The Vincentian leader said small, highly-indebted middle-income developing countries, like those in the Caribbean, which are very vulnerable to natural disasters and international economic convulsions, have especial concerns, “which the international community is obliged to address properly in partnership with the people of our region.
“External shocks, derived from nature or the workings of an uneven casino capitalism, are not merely episodic to our Caribbean; they are a constant feature of our regional economies,” he said.
Gonsalves said central to the “urgent reexamination and reconfiguration of the existing economic apparatus” is the recognition that the Caribbean’s modern context and individual national characteristics “do not lend themselves to strict classical or Keynesian economic prescriptions or their variants.”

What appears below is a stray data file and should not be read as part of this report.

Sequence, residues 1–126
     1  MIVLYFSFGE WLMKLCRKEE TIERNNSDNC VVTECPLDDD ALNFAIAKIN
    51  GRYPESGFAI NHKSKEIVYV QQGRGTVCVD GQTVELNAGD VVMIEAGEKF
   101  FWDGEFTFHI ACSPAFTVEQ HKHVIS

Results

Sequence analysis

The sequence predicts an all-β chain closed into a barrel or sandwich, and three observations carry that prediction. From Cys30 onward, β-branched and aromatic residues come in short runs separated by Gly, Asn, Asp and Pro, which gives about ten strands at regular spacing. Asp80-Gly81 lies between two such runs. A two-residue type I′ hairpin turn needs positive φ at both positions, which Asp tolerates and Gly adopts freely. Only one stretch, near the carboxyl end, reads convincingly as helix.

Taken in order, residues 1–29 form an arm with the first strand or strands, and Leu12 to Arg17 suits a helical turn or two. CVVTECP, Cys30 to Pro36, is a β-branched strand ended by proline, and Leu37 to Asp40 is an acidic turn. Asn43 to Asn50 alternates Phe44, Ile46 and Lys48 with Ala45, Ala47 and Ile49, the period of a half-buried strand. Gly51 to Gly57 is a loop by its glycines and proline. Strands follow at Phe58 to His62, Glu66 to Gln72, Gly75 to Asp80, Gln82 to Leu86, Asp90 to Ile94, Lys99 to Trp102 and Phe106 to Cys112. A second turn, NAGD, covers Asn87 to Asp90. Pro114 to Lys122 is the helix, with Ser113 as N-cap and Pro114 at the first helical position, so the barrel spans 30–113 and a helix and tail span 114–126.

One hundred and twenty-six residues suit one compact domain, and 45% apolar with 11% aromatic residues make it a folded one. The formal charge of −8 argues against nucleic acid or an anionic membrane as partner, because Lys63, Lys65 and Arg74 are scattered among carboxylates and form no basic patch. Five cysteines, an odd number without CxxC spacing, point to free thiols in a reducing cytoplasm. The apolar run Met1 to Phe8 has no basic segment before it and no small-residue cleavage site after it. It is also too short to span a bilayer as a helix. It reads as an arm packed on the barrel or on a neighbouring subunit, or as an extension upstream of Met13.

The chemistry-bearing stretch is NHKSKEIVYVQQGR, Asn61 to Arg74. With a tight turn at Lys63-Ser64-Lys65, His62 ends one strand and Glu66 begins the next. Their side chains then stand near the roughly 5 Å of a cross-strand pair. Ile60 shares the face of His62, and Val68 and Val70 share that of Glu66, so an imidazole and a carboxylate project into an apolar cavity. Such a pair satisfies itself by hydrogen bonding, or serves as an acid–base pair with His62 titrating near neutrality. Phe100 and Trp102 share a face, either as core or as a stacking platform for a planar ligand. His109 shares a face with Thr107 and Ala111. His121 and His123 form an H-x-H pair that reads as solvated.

He said the region’s peculiarities of size, openness and vulnerability require “uniquely homegrown economic policies that are rooted not in any prevailing ideology or fashionable theories from outside but in a sensible, flexible and focused practicality.
“While we welcome and solicit assistance and consultation with relevant institutions and organizations, such consultations must be free of the type of textbook orthodoxies or formulaic prescriptions that are inapplicable to our times and circumstances,” Gonsalves said. “Our path to development must be our own.”
Antigua and Barbuda’s Prime Minister Baldwin Spencer lamented that the region is yet to see any significant improvements nearly five years since a sharp downturn in the world’s economy began.